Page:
The correct way to use commas with names and titles



  ramyashankar  —  Grammar Tips

Case 1

Look at the sentences below –

1.       My friend John, is a good painter.

2.       My friend, John is a good painter.

Which of these sentences has the commas placed correctly? The answer is – none of them!

Sentence 1 is grammatically incorrect.

In sentence 2 it is not clear whether the speaker is referring to John as his friend, or the person he is talking to as his friend. To understand this better, let us replace My friend with a name in sentence 2 – Tina, John is a good painter.

This would mean the speaker is telling about John to Tina (the friend).

Now consider the below sentences –

3.       My friend, John, is a good painter.

4.       My friend John is a good painter.

Both these sentences are correct and convey the same thing. The rule is – either have the commas both before and after a name, or don’t add it at all. This is because the sentence is talking about a particular person John. The addition of commas gives extra emphasis to the name.

Case 2

Look at the below sentence –

·         My friend John, who is a better painter than me, can do the walls for your home.

Here the comma is not essential because the clause beginning with who, does not identify John. Note that even without the clause ‘who is a better painter than me’, the sentence is grammatically correct and conveys the message.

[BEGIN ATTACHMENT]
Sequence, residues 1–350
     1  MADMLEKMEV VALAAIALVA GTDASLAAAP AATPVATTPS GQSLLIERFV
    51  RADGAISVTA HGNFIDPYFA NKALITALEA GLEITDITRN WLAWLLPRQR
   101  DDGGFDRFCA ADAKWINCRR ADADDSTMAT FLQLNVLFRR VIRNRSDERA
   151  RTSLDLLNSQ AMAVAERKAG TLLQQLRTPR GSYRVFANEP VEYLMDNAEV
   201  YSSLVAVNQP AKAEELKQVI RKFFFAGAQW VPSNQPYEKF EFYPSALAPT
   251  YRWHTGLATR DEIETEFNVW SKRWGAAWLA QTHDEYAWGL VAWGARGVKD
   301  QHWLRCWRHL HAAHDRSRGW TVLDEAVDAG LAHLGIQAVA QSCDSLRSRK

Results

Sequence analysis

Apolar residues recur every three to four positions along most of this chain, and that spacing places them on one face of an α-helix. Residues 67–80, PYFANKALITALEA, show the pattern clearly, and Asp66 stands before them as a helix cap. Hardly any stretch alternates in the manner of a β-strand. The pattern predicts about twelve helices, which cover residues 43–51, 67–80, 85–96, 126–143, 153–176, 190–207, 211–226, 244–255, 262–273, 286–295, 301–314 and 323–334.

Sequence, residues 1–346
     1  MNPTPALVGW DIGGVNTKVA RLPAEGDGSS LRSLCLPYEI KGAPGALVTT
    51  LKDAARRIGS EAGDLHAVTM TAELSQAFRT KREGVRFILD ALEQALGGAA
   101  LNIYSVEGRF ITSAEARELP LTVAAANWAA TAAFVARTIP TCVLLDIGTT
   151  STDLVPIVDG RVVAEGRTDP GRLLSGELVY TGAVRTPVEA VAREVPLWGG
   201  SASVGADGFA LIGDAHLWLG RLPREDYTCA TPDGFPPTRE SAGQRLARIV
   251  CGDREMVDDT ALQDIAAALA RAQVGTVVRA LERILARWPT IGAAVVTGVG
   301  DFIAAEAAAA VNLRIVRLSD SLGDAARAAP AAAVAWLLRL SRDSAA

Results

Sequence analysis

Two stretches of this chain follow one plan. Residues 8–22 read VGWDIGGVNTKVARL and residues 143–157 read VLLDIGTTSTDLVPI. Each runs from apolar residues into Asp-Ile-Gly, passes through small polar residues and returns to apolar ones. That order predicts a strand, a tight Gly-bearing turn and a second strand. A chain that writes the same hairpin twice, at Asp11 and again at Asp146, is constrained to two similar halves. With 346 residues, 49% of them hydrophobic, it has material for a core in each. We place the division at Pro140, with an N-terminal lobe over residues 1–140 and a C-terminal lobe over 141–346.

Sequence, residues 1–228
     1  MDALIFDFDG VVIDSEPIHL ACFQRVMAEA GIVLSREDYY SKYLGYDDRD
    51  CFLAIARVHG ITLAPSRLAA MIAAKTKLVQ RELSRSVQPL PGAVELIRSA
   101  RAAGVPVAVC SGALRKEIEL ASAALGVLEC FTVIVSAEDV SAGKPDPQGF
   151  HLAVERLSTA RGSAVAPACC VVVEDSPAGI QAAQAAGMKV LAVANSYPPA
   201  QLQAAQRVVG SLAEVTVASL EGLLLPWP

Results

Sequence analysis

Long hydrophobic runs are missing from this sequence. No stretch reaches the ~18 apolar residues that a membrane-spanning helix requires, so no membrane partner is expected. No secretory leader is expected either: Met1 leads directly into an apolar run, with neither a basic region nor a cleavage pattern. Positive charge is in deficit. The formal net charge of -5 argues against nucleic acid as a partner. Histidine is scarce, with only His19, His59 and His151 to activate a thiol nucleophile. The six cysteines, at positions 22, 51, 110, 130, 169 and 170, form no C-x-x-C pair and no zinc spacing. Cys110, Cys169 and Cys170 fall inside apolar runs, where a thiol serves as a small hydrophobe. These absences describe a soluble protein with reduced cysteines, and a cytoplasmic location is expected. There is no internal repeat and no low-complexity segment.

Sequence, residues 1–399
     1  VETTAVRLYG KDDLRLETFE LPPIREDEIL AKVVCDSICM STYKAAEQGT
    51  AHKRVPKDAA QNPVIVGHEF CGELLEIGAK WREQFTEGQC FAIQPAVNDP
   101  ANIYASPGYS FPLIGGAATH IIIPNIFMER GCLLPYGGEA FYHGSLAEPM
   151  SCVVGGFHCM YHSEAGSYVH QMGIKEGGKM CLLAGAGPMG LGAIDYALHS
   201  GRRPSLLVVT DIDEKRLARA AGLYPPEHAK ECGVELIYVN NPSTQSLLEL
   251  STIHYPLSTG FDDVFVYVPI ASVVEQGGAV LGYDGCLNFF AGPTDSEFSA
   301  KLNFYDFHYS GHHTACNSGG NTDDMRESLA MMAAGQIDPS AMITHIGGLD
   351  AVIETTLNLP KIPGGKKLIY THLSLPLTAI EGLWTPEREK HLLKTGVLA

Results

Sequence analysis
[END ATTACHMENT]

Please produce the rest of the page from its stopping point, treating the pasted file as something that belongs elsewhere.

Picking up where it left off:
Case 3

While introducing someone, we use commas.

·         This is Jane, my sister.

·         The distinguished scientist, Mr. Stephen, of AKL University, will be addressing the crowd tomorrow.

In the second sentence, the comma before and after the name indicates we are talking about a specific scientist of AKL University. The comma after the name also tells us that the information after the name is essential to identify the person.

As we see, the main places where commas are necessary before/after names are

ü  Where the sentence is focussing on a particular person.

ü  While introducing a person

ü  Where the clause before/after the name is not essential.

Few more examples –

·         The mystery of the lost pencil has to be solved by Jim’s sister, Jane.

·         My cousin Tom, who won a free trip to Maldives, is leaving tomorrow.

·         I couldn’t complete the assignment alone, so I called my friend Sumy, who is faster and more knowledgeable.

·         Thankfully, Sumy could come and help me.

·         She was reading a book, A thousand splendid suns, which is quite a classic read.

·         A thousand splendid suns, authored by Khaled Hosseini, is a fantastic novel.

·         This is Monica, my colleague.

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